One of the biggest topics in end user computing today is the whole conditional access / zero trust trend. Companies that have deployed unified endpoint management (UEM) and identity as a service (IDaaS) are bringing the two together, in order to build access policies that take into account a wide range of context and risk factors.
The question is, which product—UEM or IDaaS—do you use to build and administer these policies? It’s becoming clear that many organizations will be getting these from separate vendors.
Obviously, each product has their own purpose. You use IDaaS to take care of federating user identities to a wide variety of SaaS apps, and UEM to provide device and app management.
But where they come together, there’s a lot of overlap. Today, many IDaaS and UEM products offer:
- User authentication (including MFA).
- An integration point for other third-party security products, such as antivirus, endpoint protection, and mobile threat defense.
- Complex policy engines that can tie everything together and make access decisions based on the context and risk factors.
So, you have a decision to make.
Example: UEM enrollment for SaaS app access
To illustrate how this decision might come up, let’s look at a very simple access policy: In order to access a SaaS app from a mobile device, the device must be enrolled in management.
You could do it in the UEM-centric way: The device is enrolled in UEM, and the UEM also authenticates the user, so the business logic and features in the UEM check off both parts of the policy. From there, the UEM could use a built-in IdP (identity provider, which itself is probably federated or synced to your Active Directory) to federate to a SaaS app. But here, we’re assuming the organization has a separate IDaaS (otherwise, there would be no choice to make), so instead, the UEM delegates this to the IDaaS, which then makes the last mile connection over to the SaaS app.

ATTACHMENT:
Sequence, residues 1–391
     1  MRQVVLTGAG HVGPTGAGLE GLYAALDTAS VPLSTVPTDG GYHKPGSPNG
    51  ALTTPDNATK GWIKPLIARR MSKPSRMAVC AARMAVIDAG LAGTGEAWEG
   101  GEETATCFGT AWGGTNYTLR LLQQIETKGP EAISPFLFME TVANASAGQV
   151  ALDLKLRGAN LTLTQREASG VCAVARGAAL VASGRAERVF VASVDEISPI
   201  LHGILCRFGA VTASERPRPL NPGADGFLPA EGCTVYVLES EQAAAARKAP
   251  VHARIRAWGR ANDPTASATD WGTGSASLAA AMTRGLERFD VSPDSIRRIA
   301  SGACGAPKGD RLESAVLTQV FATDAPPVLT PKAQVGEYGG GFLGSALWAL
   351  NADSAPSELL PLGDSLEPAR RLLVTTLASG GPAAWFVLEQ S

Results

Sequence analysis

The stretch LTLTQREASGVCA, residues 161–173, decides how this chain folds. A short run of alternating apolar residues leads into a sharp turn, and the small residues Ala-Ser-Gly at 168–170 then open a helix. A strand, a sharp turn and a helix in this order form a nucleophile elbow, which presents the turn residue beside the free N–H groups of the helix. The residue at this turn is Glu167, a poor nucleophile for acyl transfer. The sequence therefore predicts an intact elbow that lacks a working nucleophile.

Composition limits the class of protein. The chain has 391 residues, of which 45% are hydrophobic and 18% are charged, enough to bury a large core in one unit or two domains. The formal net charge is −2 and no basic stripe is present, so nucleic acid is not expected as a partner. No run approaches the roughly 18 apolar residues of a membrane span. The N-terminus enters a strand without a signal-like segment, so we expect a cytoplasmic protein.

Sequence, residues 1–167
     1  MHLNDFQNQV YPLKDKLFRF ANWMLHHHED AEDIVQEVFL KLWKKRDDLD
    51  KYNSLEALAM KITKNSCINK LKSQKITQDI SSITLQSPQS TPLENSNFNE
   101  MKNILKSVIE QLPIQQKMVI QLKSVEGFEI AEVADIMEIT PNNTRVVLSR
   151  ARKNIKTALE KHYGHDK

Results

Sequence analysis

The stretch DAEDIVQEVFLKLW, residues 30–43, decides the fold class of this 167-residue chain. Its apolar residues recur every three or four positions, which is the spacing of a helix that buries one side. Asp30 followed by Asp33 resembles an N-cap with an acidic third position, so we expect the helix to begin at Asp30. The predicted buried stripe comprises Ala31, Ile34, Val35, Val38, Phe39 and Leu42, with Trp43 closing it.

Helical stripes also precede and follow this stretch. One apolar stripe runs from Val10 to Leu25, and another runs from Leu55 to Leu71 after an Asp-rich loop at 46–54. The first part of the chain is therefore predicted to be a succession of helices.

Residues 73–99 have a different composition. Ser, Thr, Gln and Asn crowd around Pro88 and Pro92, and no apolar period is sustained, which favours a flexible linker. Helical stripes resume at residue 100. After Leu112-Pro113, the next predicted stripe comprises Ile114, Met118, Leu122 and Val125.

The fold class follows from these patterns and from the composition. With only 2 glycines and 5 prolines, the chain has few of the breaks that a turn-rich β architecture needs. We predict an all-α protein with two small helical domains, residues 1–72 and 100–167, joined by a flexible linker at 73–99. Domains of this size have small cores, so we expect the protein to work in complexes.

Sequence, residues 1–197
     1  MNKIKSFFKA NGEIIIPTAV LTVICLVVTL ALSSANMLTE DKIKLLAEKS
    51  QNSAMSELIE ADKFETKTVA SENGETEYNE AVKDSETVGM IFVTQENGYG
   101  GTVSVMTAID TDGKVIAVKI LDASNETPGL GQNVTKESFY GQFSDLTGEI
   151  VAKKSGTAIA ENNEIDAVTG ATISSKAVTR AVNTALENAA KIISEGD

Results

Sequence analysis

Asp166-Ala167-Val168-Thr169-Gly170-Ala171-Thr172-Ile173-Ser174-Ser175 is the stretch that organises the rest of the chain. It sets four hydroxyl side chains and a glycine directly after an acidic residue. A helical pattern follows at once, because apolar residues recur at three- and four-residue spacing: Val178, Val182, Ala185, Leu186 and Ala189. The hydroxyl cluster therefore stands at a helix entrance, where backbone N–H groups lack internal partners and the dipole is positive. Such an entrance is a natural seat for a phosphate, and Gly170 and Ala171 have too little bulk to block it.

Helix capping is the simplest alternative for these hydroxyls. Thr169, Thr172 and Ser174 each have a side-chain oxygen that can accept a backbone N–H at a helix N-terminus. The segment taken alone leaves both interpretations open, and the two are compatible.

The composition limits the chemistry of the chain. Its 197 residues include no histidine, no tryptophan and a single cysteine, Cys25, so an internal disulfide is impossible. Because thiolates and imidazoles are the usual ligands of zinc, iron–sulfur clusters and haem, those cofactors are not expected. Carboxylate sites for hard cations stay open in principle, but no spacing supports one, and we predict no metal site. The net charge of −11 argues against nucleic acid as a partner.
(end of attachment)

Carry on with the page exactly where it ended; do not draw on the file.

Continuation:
Or, you could implement this policy in an IDaaS-centric way. The user authenticates to the IDaaS, which federates over to the SaaS app. But, before granting access, the IDaaS calls out to the UEM via an API to verify that the device the user is coming from is enrolled and compliant with the UEM policies.
Both techniques have the same end result, but you’re implementing the decision-making logic in different places.
Example 2: Bringing in a third-party security agent
Let’s take this further with another simple example. Say you’ve deployed a third-party mobile threat defense (MTD) product. The MTD has an agent on the device, which reports the device status (for the sake of argument, we’ll just say “healthy” or “not healthy”) back to the MTD service.
In the UEM-centric approach, the UEM would authenticate the user and know what device they’re coming from (as in Example 1), and then call out to the MTD (likely via a proprietary API) to ensure that the device is marked as healthy.
In the IDaaS-centric approach, after the user authenticates, the IDaaS could call out to both the UEM (as in example 1 again) and then also call out to the API in the MTD service. Once both check out, then the IDaaS can grant access to the SaaS app.
Again, it’s the same policy, but you have an opportunity to choose whether to use your IDaaS or your UEM as the integration point for your MTD.